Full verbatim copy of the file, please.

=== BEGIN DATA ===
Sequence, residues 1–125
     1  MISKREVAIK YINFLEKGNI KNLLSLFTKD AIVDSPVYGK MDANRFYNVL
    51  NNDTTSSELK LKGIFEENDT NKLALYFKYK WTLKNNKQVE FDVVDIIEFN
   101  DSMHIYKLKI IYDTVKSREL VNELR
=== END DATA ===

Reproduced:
Sequence, residues 1–125
     1  MISKREVAIK YINFLEKGNI KNLLSLFTKD AIVDSPVYGK MDANRFYNVL
    51  NNDTTSSELK LKGIFEENDT NKLALYFKYK WTLKNNKQVE FDVVDIIEFN
   101  DSMHIYKLKI IYDTVKSREL VNELR